How to Make Blueberry and Rye Slab Pie

June 27, 2014

Every other Friday, Yossy Arefi from Apt. 2B Baking Co. shares dessert projects that demand a little extra time and effort. Because your weekends should always be sweet.

Today: Feed the masses at your next summer gathering with an ooey, gooey, tasty mess.

Slab Pie on Food52

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Slab pies are pretty easy to love: They require about the same amount of time as a round pie, but they feed a heck of a lot more people; you can fill them with just about any fruit you like; and the crust-to-fruit ratio is spot on. With a lattice top like this one, slab pie looks like the juiciest, most delicious woven blanket you’ve ever seen. I mean, don’t you just want to curl up with this thing?

Slab Pie on Food52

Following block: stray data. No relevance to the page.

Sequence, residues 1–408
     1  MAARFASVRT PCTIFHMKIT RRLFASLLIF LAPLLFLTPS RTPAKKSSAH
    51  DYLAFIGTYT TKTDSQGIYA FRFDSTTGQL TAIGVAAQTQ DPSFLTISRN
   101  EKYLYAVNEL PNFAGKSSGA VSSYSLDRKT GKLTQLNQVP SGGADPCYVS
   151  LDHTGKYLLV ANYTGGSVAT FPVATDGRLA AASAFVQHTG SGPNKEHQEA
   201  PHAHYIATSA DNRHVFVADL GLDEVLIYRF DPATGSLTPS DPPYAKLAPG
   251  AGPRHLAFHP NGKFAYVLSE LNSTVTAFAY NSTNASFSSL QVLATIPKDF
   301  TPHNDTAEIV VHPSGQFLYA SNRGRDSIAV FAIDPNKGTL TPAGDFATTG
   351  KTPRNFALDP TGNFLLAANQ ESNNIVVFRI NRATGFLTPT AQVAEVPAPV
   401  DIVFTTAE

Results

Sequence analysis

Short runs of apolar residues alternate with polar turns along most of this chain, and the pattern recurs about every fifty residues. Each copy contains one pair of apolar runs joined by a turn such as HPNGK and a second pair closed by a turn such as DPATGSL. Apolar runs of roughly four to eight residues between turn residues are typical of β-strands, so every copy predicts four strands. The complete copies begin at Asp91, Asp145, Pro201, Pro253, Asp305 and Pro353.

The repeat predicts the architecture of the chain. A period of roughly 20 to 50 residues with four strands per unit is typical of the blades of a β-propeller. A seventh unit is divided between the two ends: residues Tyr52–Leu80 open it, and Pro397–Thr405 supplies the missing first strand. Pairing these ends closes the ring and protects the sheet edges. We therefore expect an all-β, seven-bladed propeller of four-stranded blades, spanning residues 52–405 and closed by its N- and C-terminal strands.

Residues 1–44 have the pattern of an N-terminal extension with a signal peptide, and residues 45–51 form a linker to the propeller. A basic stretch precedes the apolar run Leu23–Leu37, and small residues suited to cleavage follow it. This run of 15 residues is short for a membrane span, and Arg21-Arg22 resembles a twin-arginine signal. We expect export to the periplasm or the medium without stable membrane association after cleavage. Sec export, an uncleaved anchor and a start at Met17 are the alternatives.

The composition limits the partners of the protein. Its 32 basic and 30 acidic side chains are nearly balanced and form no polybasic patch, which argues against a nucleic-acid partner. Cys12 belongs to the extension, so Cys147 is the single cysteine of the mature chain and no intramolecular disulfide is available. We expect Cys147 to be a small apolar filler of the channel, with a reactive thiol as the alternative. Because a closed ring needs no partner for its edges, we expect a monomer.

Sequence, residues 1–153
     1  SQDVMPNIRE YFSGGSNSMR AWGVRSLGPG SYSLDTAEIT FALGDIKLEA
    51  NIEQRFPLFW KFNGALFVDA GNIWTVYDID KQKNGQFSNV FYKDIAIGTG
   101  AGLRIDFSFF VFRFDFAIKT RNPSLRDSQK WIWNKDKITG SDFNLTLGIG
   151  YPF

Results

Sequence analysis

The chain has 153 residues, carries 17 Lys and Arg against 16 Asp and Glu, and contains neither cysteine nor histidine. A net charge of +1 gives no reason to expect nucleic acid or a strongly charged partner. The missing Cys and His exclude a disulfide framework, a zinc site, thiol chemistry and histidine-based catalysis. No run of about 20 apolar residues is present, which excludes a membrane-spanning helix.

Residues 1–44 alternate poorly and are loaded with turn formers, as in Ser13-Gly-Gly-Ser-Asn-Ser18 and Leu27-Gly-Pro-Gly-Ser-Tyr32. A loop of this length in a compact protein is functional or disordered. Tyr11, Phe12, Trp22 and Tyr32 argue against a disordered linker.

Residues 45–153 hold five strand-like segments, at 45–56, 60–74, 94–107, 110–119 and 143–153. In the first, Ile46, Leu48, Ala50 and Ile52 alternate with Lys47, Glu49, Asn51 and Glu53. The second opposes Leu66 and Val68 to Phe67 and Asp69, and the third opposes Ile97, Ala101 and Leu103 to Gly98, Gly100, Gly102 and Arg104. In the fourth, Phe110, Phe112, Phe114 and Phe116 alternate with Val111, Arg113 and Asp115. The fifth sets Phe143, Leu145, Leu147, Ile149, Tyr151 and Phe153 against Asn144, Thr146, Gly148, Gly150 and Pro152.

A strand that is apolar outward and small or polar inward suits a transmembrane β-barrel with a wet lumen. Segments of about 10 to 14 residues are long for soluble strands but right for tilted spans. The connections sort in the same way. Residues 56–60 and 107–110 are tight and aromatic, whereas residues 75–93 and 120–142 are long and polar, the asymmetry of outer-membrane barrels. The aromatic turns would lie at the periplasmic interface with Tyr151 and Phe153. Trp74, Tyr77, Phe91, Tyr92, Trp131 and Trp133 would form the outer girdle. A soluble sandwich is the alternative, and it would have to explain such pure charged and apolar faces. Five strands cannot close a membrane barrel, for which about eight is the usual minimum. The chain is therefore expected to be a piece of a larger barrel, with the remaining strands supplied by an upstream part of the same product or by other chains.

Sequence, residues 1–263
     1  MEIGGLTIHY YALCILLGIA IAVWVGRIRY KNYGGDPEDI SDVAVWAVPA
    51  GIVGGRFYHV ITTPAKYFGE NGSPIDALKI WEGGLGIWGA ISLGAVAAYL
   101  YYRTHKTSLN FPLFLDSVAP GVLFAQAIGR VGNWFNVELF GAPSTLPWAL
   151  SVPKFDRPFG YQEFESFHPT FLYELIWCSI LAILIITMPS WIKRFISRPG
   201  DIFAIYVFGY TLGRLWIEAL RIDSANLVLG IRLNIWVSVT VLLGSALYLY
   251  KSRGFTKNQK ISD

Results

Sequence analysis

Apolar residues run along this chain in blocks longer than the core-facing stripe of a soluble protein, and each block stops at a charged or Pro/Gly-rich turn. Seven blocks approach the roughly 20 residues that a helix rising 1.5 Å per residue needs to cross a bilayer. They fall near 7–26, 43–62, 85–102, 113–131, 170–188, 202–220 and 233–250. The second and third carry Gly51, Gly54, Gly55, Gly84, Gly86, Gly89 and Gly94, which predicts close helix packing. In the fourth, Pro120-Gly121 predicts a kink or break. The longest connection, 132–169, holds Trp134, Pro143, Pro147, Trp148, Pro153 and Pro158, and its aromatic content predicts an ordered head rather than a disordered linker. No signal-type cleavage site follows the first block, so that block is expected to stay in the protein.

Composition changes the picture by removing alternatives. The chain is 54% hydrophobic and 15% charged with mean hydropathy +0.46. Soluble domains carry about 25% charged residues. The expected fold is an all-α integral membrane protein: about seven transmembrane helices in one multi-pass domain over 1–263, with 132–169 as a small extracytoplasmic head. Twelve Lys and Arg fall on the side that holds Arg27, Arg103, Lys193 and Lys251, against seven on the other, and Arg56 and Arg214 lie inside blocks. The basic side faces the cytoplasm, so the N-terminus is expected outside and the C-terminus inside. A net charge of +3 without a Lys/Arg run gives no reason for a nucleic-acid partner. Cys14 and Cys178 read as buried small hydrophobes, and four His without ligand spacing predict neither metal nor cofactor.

Slab pies are most often made in a jelly roll pan, but for this version I wanted something that was part slab pie, part giant pop tart, and sturdy enough to hold and eat without a fork, if necessary. I used my favorite rye crust (with a few alterations) for the base, then I filled it with a simple mixture of blueberries, sugar, flour (to thicken all those delicious juices), and some fresh lemon zest and ginger for a little zing. I love the bright flavor of grated fresh ginger in summer pies; it works with just about any fruit. 

I don’t mind pies that are big, juicy messes, so I gave this slab pie a lattice top -- which caused a bit of leakage onto the sheet pan. For a less juicy mess, roll out the second crust and lay it over the berries like you would with a traditional double-crust pie, then fold the bottom edge up over the top and seal it well with a fork. Either way, you’ll have to fight me for a corner piece.